NBA Draft 2012: Ranking the Top Big Men on the Board This Year
This year's NBA draft is expected to be one of the deepest in recent memory.
The power forward and center positions will be no exception. Led by Kentucky freshman Anthony Davis, this year's class of big men could be making an immediate impact at the pro level for years to come.
Davis, as well as the other players on this list, come from big-name programs with histories of producing successful NBA players.
Let's take a look at the top five bigs on the draft board this summer.
5. Andre Drummond, C, UConn
Going into this season, Drummond was speculated to be a potential first overall pick. However, a generally poor season at UConn prevented him from making an impact in the college basketball world.
While he definitely has NBA-ready size, drafting him with a top pick would definitely be based on his potential to produce on the pro level.
He is a defensive presence in the paint who can block shots and rebound on both ends of the floor. Drummond's offensive game could use some work due to his subpar footwork and post moves.
Another concern for Drummond is his lack of maturity and aggressiveness. During games, when things were not quite going his way, he would mentally check out and his performance would suffer. A similar case is DeMarcus Cousins of the Sacramento Kings in his rookie year.
Drummond is a big man with a ton of potential that could be harnessed with a serious work ethic and the right coaching.
4. John Henson, PF, North Carolina
Henson is a big man who knows how to use his physical attributes. He has a solid post game that utilizes his superb balance and allows him to get separation for high-percentage shots.
However, Henson is on the thin side and this limits his ability to incorporate power into his post moves. This is especially a concern at the NBA level, where he will not be able to get by against taller and stronger defenders.
Above all, Henson has shown that he is a player who improves rapidly when given the opportunity. His increase in minutes during his junior season at UNC highlighted his abilities alongside star center Tyler Zeller.
If Henson is able to bulk up and develop a consistent mid-range game, he should see success in the NBA.
3. Jared Sullinger, C, Ohio State
Sullinger has played well this year for a very good Ohio State team. He is averaging 17.5 points per contest (on 54 percent shooting) to go with 9.6 rebounds.
His strong build gives him a fearsome presence with his back to the basket. Sullinger is also good with isolation plays, where he can successfully drive with his strength and aggressiveness. His good hands should also come in handy when having to catch bullet-passes from NBA point guards.
However, questions remain about his defensive ability due to his lack of height (6'9") and lateral quickness.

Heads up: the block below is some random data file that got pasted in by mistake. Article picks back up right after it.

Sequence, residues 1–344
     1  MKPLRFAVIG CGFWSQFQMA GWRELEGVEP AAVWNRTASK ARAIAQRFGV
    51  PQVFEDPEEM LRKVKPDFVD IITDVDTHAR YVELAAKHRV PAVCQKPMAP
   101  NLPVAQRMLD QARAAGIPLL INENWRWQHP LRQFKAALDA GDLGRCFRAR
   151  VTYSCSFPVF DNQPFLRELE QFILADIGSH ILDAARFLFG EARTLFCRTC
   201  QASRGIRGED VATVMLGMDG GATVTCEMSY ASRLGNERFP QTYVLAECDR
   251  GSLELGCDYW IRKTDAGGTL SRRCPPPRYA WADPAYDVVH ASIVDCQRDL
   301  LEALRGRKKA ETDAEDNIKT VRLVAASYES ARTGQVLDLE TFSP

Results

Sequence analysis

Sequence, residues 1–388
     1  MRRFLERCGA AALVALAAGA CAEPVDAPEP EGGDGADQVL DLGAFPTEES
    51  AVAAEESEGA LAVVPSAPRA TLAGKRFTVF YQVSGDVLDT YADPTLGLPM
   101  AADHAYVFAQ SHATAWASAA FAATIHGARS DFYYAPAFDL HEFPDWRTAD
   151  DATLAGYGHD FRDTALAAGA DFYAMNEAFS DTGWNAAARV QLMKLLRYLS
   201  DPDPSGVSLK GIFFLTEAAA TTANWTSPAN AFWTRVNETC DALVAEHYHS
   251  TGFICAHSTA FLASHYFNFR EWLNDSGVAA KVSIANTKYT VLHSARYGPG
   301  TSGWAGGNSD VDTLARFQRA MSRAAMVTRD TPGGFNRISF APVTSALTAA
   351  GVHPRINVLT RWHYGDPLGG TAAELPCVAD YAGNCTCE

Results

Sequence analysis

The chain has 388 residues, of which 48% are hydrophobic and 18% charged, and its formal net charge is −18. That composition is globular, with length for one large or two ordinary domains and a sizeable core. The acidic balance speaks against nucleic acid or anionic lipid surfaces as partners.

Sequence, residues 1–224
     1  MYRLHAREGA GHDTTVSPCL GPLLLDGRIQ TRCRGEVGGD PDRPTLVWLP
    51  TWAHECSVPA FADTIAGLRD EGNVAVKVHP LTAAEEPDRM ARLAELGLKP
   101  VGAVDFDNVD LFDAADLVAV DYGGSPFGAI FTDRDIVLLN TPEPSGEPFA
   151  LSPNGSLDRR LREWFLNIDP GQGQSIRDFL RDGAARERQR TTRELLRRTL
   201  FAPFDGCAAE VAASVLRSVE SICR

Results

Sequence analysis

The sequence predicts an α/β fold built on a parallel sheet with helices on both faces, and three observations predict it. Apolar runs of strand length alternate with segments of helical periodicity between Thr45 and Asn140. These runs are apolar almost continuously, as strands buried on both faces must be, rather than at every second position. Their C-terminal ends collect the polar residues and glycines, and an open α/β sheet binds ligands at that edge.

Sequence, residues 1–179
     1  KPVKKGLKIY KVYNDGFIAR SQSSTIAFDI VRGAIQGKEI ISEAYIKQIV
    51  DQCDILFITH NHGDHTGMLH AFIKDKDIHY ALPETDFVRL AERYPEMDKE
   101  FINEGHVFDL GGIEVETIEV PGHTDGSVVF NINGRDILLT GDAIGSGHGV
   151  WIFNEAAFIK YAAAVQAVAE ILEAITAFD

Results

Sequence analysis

Sullinger will have to learn from other undersized NBA centers like Ben Wallace and adapt to playing against taller players to thrive at the next level.
2. Thomas Robinson, PF, Kansas
With high energy and explosiveness, Robinson has the upside to become a special NBA player.
He has an impressive 7'1" wingspan, which, along with his size and strength, allow him to obtain position to grab rebounds. The greatest asset to Robinson's defensive game, however, is his quickness, which can lock down the paint against any opposition.
What Robinson lacks is a versatile offensive game. He has a typical big man post game with no other real threats. If he were to develop a jumper that defenses have to respect, he would be able to use abilities to blow past defenders and attack the basket.
1. Anthony Davis, PF, Kentucky
And then there was one. (No, I'm not talking about his unibrow).
There is no doubt that Davis is the top player in college basketball right now.
He has a ridiculous 7'4" wingspan, which complements his great leaping ability and outstanding athleticism. While he is not a heavy scorer, Davis is an efficient one as he shot 63 percent on the season. Davis is also very smooth and fluid on both ends of the floor.
His length allows him to block a lot of shots (4.6 bpg) and create problems for opposing offenses. Davis is also a machine on the glass and is very good at turning offensive rebounds into second-chance points.
Unlike some of his counterparts on this list, however, Davis does not have an effective post game due to his thin build. He can sometimes be pushed around by stronger and stockier players who overpower him in the post.
If Davis puts on some weight and adds a back-to-the-basket game to his offense, there is no doubt that he will become a force to be reckoned with in the NBA.